As an outspoken political voice for our generation, Ratajkowski doesn’t believe in subtle acts of defiance. She wants to work outside the system to quickly burn it down. And we’re more than ready to join her.
With a new movie out later this month, office sat down with the model to talk about everything from feminism to that famous arrest photo. Read our interview, below.
You have a new movie, Welcome Home, coming out next week. Do you want to tell me about it?
Yeah! It’s really my first lead role—it’s a thriller with Aaron Paul from Breaking Bad. It’s about the idea of privacy and voyeurism in general, and it’s something I’m really proud of. I actually haven’t seen the movie in a minute, but at the very least, I know I feel good about my performance. That’s a really nice feeling, especially since you can’t control the rest of the film. The only thing you can hope for is that you like your performance in the end result.
Since this was your first real leading role, were you at all nervous?
Not really. I mean, I started acting before I was ever interested in modeling. Growing up, I was a total theater nerd—I just lived and breathed acting—and then like someone told my parents, ‘She should try modeling. It’s a good way to get her foot in the door.’ Of course, my mom was like, ‘Fuck no,’ but I eventually went to LA and got signed to an agency. Modeling just happened to take off first.
So, being a model was never your real goal.
No, it was never the goal. I come from a creative family, and I was going to UCLA for visual arts before I dropped out to do this. So, I guess the creative fulfillment that comes with acting takes away the pressure of the actual job, because, for me, it’s so enjoyable.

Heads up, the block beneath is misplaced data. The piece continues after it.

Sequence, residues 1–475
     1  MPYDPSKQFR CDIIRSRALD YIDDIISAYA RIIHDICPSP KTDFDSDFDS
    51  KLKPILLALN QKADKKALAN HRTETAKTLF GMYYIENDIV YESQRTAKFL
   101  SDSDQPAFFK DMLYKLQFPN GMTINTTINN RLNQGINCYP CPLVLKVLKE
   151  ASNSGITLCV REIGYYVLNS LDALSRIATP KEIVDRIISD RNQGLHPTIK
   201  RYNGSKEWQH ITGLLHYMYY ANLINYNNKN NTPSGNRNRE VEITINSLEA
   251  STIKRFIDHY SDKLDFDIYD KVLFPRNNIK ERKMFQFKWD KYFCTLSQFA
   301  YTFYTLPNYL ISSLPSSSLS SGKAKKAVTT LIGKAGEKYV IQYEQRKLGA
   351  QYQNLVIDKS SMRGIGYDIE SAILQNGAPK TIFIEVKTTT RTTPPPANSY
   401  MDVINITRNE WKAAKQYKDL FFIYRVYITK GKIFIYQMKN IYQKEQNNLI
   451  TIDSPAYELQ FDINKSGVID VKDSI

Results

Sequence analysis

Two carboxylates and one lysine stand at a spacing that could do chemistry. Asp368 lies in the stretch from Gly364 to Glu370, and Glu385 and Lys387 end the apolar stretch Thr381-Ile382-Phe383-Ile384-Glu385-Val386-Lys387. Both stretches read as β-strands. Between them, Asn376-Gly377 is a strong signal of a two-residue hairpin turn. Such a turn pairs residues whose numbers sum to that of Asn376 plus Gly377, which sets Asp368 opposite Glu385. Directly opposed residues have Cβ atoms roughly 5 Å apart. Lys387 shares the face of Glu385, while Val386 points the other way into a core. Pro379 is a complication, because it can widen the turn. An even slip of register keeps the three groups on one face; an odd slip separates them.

You said you think a lot about voyeurism. In some ways, its part of your own experience because so many people look at so many aspects of your life. I mean, you have Instagram and other social media, which allows you to curate what you want to let people in on—
I look at it a lot like a blog, you know? I’m not posting in real time, I’m not posting what I’m doing for dinner. Honestly, I don’t even like to post people that I’m close to, because why would I expose them to that? It just doesn’t seem fair. It’s one thing for it to be my job, but it’s another for them to be sucked into that crazy world of judgement. But that being said, I’ve really never had an issue with that—I mean, of course, there’s a lot of privacy you give up and I’m okay with that. Sometimes, it does feel like a little too much, but the important thing is that it gives me the opportunity to control how I let people in, and how much. I think of other models and actresses, even ten years ago, who only had journalists and paparazzi to tell the world who they are—they didn’t have a way to dictate their own narrative; they had no power in their own image. So, even though there’s a lot of shit that comes with social media, I’m pretty grateful to have it.